Sustainability – there are so many levels

I’ve sat to write this post a number of times and always feel like I don’t know enough to tackle the discussion.  In my course on Environment, Traditional Cultures and Sustainability, we were asked: What is sustainability?  Course readings pushed us to ask how we consider sustainability in the way that we relate with not only the natural world, but the people and cultures that populate the planet.

Take, for instance, the reading by Raynaut et. al. in Sustainability and Communities of Place.  The essay looks first at the varying definitions of sustainable development, of which there were “no fewer than sixty different definitions” (Raynaut et. al. 21) in 1995, and outlines a very useful way to consider the varying realms of sustainability.

Here’s a picture of the continuum they construct in the reading.


In my process of considering sustainability, I came across the final discussion panel of the 2008 Slow Food Nation gathering.  Of particular interest was Wendell Berry’s discussion on Scaling Down our Carbon Footprint (at 13:24).

“For too long humans have been spared, mainly by the cheapness of the fossil fuels, from the universal necessity of local adaptation.  It is ultimately an inescapable biological imperative that human land-use economies should correspond as closely as possible to the ecological mosaic.  To this we no longer have even the illusion of a second choice.”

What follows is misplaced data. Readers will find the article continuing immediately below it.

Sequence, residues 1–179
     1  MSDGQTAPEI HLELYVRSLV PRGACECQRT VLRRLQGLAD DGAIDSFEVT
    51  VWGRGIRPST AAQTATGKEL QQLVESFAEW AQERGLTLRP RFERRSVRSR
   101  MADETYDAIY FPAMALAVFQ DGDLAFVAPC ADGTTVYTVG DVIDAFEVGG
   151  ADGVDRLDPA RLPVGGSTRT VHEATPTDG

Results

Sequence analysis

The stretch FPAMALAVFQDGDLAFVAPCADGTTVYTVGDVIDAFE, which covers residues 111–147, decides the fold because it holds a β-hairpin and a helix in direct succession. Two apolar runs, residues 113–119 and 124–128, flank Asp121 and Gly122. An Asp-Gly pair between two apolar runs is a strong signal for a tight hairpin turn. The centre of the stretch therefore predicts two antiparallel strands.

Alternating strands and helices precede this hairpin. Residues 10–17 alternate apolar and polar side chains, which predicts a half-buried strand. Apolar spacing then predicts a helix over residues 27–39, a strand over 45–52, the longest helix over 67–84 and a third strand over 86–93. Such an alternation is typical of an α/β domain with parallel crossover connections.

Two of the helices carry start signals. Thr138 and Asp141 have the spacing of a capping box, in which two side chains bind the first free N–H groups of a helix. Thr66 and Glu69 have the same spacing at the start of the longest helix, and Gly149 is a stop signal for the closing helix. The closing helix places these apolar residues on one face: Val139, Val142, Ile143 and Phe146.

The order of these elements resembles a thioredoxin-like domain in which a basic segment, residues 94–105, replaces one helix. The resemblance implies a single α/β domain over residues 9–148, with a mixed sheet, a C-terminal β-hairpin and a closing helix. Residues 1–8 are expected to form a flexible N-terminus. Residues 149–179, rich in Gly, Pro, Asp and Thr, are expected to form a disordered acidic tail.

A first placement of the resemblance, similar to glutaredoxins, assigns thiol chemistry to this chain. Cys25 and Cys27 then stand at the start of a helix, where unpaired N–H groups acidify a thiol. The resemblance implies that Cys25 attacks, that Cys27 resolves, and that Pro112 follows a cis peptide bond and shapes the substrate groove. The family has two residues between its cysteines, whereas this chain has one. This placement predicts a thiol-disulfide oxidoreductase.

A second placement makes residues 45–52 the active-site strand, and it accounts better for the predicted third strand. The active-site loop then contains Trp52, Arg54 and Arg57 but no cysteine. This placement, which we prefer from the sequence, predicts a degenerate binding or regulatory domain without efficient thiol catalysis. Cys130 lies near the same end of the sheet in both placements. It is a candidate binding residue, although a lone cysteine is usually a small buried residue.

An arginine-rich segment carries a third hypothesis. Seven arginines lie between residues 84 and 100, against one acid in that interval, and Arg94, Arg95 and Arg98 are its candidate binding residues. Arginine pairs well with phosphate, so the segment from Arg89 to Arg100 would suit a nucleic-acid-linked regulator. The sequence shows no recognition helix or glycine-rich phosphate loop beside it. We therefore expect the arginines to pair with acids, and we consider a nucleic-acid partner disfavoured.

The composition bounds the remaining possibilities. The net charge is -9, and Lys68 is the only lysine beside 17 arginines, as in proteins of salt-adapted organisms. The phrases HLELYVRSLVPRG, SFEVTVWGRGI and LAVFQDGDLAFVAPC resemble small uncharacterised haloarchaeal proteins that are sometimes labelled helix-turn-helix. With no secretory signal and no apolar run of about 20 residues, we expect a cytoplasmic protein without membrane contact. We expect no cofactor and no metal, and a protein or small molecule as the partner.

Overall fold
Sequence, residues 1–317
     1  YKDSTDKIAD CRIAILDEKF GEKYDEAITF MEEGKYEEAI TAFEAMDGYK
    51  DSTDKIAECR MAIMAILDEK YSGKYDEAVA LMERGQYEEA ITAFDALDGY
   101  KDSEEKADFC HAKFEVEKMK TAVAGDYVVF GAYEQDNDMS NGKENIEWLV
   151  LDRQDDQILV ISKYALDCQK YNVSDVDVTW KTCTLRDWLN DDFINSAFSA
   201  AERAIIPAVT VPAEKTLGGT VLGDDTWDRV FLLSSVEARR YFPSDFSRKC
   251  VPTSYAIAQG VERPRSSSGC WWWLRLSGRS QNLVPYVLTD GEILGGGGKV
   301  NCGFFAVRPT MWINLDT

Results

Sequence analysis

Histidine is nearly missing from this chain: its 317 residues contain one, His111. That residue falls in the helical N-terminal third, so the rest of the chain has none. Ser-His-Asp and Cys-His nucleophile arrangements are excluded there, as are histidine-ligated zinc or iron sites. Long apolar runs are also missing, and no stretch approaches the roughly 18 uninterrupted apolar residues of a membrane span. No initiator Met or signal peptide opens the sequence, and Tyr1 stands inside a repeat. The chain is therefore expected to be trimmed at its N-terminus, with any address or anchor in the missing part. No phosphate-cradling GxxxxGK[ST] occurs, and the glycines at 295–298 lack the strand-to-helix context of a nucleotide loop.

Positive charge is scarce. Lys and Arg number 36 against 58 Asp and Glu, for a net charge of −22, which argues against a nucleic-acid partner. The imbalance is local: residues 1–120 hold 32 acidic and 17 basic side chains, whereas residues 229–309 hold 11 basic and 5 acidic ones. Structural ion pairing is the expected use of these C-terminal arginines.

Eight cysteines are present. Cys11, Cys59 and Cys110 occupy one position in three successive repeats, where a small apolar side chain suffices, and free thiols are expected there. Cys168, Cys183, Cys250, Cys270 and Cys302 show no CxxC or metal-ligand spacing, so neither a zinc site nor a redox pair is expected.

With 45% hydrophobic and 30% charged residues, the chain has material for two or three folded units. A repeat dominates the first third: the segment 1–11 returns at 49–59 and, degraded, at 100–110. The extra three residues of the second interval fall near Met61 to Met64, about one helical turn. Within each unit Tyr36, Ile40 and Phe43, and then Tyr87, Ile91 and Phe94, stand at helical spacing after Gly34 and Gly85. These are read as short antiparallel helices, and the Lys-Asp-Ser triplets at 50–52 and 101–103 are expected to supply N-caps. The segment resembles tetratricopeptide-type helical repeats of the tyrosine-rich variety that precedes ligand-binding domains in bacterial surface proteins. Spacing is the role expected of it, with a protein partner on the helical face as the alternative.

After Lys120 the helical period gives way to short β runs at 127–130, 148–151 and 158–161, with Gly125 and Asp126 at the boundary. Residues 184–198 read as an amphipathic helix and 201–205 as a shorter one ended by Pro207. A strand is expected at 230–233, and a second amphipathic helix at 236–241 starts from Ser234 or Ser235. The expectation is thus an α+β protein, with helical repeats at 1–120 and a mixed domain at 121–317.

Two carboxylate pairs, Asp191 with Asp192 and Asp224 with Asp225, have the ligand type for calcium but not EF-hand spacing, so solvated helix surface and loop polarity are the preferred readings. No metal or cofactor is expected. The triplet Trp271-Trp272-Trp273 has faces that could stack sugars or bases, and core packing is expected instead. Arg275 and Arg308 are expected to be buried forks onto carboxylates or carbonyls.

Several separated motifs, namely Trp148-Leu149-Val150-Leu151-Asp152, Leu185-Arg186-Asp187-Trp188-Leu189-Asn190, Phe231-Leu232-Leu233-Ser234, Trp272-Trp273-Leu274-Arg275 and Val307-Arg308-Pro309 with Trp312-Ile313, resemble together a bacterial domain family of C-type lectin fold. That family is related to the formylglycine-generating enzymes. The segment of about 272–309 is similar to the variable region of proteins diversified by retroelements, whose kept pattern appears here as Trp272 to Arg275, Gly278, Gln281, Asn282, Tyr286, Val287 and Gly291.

Berry speaks to the center point, to the tension between the 4 points of Raynaut et. al.’s analytical tool.  It is only because of the systems we have built, systems grounded on exploitation of the elsewhere and future, that we have been able to collapse the entire continuum into the satisfaction of the here and now.  In Berry’s argument, it will only be through the return to the necessity of local adaptation that we will again come into a dialectical relationship.  A dialectical relationship recognizes, as Leslie Main Johnson stated in her text, Traveler’s Story, Traveler’s Path, that the “landscape has agency” (Main Johnson 204).  Cultivating that relationship in the here and now – remembering that in dialectics, reality is constantly emerging – leaves space for proper use of human cultural and physical technologies in SERVICE rather than TENSION with future and elsewhere considerations.

Of course, ethical considerations for the privileging of one agent over another will largely define what service looks like.  And I look to Aldo Leopold and Spirit of the Land to encourage those conversations.

A land ethic, then, reflects the existence of an ecological conscience, and this in turn reflects a conviction of individual responsibility for the health of the land. Health is the capacity of the land for self-renewal. Conservation is our effort to understand and preserve this capacity.


2 Responses to “Sustainability – there are so many levels”

  1. Dittmar Mundel Says:

    Beatifully expressed, Leslie! Thanks for the insight. We all have to clarify what “sustainability” is, namely, having a conscience and a land ethic.

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